24 May Infrastructure Automation Company Chef Commits to Open Sour…
Chef, an infrastructure automation company, has committed to developing all of their software as open source under the Apache 2.0 license. Alongside this change, Chef announced the release of Chef Enterprise Automation Stack, an enterprise-focused commercial offering that includes development, distribution, licensing, and support for Chef software.
Chef CEO Barry Crist believes the transition to fully open source better aligns with the business goals.
This philosophy is core to the way that we think about software innovation. There is no better way to build software than in the open in partnership with individuals and companies who use our stack in the real world.
Prior to the announcement, Chef has operated with a loose open-core model, in which limited “core” features of the software are open source alongside proprietary add-on software. Chef previously applied this model by making their software open source for everyone but proprietary for commercial use. According to Crist, this approach created a constant challenge of balancing what features belong in the open source offering versus the proprietary offering.
Chef’s open source model enables the use of their software without restrictions on the use case, distribution, or monetization of the source code as long as the Chef trademark policy is respected. Chef welcomes the use of their software for any purpose that aligns with the four essential freedoms of free software, which states that free software gives users the right to run, copy, distribute, study, change and improve the software.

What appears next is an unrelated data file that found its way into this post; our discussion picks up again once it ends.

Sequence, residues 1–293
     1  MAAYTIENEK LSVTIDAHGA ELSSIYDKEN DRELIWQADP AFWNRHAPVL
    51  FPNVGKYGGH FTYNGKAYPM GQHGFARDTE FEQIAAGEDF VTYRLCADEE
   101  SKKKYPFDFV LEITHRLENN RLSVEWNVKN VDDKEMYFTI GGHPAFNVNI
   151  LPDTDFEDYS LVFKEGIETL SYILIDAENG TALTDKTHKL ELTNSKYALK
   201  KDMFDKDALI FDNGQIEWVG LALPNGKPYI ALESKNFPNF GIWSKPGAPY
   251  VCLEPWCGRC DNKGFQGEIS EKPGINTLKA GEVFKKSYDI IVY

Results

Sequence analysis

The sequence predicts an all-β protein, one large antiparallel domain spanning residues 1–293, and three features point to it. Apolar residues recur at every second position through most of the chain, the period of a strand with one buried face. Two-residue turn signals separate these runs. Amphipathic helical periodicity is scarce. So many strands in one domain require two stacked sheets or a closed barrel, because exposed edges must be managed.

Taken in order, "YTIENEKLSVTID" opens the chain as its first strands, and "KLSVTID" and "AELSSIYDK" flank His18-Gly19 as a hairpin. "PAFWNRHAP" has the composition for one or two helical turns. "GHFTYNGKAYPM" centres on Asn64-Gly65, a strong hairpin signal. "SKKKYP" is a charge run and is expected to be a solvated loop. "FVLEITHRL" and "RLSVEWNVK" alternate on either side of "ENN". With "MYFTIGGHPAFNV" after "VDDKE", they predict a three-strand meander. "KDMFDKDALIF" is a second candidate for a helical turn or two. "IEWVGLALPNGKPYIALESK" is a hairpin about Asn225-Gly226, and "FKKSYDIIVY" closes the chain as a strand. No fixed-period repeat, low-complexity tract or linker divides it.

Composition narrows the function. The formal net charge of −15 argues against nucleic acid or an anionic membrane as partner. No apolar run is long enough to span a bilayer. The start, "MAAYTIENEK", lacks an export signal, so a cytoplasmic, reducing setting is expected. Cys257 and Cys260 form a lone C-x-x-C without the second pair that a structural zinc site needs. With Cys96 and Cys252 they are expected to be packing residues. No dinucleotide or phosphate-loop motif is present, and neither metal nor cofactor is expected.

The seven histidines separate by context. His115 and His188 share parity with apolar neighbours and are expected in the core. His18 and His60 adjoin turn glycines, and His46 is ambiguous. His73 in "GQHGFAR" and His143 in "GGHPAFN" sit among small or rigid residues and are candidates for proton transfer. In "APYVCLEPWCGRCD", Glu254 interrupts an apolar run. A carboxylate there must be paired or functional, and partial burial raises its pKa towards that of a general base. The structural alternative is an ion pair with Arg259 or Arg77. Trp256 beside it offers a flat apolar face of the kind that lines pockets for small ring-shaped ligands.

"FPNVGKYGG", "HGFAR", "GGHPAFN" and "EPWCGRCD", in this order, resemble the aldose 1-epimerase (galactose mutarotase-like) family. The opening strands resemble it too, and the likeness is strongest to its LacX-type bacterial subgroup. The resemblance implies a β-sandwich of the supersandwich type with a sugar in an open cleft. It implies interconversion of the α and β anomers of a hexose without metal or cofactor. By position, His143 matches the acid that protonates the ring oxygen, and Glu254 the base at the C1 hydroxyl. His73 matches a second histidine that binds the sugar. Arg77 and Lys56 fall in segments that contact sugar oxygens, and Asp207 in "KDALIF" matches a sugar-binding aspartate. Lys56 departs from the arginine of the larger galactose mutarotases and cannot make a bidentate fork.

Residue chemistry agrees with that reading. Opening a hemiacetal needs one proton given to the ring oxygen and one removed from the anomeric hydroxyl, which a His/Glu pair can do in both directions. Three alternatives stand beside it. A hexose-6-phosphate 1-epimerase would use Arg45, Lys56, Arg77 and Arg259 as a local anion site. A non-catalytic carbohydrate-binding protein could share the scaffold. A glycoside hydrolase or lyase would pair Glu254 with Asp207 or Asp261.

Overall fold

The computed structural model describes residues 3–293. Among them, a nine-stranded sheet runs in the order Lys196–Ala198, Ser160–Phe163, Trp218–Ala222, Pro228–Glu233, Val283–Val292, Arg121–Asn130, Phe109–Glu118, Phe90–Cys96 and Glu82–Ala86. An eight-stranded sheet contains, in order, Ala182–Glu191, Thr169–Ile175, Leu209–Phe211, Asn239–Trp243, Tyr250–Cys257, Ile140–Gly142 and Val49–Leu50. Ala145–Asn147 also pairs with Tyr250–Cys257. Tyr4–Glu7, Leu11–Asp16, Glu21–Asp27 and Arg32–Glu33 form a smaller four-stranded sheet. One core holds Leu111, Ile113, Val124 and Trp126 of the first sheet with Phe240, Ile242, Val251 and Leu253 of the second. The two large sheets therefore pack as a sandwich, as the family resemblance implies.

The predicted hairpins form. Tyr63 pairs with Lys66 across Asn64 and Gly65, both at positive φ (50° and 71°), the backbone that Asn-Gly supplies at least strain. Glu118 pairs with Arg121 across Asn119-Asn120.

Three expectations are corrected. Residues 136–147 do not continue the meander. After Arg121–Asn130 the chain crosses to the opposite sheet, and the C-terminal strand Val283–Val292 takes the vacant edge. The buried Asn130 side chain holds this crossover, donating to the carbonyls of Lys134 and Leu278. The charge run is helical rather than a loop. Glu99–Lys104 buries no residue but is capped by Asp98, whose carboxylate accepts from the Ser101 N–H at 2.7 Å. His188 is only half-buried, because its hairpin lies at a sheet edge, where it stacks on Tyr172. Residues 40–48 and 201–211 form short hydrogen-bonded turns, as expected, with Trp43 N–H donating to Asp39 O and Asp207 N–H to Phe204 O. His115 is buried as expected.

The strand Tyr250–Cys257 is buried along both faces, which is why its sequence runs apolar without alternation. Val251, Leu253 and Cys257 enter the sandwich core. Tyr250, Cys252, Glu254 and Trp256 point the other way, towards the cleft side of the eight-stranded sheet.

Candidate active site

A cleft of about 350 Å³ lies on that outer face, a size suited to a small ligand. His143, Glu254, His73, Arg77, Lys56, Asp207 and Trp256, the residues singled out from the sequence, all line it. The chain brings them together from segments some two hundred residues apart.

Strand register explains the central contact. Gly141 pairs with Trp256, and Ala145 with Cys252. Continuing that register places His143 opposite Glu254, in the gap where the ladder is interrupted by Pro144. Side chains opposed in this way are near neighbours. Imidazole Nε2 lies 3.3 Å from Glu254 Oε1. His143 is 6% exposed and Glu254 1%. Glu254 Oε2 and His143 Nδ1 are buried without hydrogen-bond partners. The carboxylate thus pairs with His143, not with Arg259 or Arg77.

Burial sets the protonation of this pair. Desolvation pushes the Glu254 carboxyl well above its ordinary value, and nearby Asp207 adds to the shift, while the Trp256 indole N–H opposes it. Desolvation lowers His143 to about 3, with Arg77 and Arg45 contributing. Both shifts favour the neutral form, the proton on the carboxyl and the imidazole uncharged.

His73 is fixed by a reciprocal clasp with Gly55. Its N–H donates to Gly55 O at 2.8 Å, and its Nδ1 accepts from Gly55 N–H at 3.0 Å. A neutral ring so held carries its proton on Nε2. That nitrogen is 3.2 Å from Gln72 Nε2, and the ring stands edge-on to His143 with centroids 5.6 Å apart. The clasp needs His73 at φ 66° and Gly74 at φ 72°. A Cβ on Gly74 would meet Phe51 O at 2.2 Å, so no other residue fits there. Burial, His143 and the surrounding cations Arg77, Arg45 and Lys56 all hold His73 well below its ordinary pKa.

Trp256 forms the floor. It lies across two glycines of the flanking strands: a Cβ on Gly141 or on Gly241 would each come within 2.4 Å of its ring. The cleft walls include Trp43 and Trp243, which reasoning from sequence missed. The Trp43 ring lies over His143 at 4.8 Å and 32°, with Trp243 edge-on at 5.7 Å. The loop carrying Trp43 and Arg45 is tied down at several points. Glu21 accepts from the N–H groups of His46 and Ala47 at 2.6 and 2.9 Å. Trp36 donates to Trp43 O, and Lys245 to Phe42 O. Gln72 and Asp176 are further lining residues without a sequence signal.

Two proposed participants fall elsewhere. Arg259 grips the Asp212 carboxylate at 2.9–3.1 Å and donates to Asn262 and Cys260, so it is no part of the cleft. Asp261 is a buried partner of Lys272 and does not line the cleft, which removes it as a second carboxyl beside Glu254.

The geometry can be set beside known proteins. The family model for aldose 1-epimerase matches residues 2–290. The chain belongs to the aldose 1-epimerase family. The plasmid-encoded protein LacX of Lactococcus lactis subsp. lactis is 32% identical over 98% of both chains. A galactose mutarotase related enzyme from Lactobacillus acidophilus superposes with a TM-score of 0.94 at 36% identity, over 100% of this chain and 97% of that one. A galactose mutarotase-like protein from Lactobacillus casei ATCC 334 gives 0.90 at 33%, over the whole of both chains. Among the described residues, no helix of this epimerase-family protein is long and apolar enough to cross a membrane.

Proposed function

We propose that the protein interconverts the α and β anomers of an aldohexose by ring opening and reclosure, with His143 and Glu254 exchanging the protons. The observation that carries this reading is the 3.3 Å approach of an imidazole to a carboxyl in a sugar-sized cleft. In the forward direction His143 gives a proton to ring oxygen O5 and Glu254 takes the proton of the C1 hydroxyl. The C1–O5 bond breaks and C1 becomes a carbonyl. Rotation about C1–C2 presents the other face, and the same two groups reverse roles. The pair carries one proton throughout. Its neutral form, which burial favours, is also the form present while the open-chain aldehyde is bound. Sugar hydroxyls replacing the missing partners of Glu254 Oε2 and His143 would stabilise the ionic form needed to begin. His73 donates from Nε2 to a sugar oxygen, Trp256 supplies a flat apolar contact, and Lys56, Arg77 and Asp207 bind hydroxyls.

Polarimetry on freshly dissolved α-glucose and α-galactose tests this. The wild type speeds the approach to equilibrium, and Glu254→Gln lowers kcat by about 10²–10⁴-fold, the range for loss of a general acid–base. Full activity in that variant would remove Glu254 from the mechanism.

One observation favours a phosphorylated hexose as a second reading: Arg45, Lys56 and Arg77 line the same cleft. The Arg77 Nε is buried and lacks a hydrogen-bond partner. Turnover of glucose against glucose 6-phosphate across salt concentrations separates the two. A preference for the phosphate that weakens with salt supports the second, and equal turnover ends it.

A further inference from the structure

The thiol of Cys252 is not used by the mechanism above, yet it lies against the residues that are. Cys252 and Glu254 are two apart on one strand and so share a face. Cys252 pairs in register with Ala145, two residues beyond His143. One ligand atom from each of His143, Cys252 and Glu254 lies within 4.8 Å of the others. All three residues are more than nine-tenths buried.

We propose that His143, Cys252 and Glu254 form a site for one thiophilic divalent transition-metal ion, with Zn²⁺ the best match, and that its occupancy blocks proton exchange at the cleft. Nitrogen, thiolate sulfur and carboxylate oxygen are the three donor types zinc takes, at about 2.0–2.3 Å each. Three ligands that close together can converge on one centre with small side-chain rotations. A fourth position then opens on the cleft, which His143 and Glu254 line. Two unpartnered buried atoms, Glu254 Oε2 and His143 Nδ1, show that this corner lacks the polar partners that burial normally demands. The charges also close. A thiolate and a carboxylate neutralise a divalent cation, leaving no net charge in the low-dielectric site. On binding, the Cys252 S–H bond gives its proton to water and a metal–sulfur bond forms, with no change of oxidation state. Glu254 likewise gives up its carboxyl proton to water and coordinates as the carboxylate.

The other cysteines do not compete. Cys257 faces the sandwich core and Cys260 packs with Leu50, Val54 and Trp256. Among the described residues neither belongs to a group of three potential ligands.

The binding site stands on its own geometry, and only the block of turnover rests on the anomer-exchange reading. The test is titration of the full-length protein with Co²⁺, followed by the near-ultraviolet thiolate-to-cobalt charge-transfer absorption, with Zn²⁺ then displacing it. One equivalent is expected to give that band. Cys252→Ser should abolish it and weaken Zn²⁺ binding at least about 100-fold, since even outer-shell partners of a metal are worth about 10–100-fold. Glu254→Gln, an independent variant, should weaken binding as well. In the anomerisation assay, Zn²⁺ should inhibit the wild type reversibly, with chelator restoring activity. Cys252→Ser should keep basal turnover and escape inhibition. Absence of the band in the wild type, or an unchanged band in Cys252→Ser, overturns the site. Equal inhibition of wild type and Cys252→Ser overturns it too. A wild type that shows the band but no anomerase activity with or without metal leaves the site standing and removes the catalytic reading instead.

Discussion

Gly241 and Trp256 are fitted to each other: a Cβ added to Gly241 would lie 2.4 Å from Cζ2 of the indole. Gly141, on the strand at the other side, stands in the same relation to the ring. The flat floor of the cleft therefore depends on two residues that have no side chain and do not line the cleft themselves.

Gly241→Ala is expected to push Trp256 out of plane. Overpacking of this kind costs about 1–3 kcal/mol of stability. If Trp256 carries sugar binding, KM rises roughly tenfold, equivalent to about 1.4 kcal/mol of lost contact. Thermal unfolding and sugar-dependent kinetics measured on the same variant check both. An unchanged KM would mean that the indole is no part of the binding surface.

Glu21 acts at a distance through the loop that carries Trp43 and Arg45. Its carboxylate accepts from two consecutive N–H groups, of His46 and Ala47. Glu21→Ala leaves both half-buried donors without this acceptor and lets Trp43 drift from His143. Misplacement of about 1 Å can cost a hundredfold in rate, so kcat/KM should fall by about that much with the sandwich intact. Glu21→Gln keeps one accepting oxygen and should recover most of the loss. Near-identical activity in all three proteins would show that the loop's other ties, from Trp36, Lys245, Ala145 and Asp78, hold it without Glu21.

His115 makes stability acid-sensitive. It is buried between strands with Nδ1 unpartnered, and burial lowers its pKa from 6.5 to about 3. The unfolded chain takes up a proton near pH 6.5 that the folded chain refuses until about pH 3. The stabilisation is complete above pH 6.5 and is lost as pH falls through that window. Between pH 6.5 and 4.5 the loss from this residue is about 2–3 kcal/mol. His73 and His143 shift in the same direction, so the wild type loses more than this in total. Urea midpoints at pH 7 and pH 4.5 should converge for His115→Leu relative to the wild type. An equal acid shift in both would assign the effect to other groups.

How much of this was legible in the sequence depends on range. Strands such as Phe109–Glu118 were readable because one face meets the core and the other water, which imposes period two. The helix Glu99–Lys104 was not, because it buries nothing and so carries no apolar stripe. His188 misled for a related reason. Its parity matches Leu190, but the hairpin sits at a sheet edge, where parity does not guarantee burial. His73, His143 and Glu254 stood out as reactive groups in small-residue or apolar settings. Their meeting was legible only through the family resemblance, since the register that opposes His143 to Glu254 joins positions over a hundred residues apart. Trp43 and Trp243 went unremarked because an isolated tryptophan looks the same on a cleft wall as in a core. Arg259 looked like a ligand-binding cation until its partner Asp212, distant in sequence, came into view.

Chef Enterprise Automation Stack (EAS) is a new commercial offering for enterprise companies. EAS is an infrastructure automation solution that combines all of Chef’s stand alone tools: Chef Automate, Chef Infra, Chef InSpec, Chef Habitat and Chef Workstation. Chef EAS enables teams to encapsulate infrastructure, security policies, and dependencies as code, and to deploy, observe, and manage the application lifecycle.
Chef’s switch to an open source business model is counter to recent cases of open source companies adopting more restrictive licensing in order to remain competitive with cloud providers. One of the best known examples is Redis Labs, who changed the licensing of some of their enterprise modules to prevent them from being used in stand-alone commercial SAAS products. With fears that cloud computing will kill open source, Chef’s change is a counterpoint that the open source model might still be viable in the cloud industry. In the DevOps space specifically, several companies operate with an open source business model, such as HashiCorp, Puppet, and CloudBees, the creators of Jenkins.
The changes to the Chef business model will not affect existing commercial or non-commercial customers. New customers or current customers using free Chef offerings can choose to license the new commercial software, use the open source code, leverage a free public distribution, or stay on older free distributions. However, existing free distributions will no longer be supported or receive security updates starting 1 year after Chef 15 is released.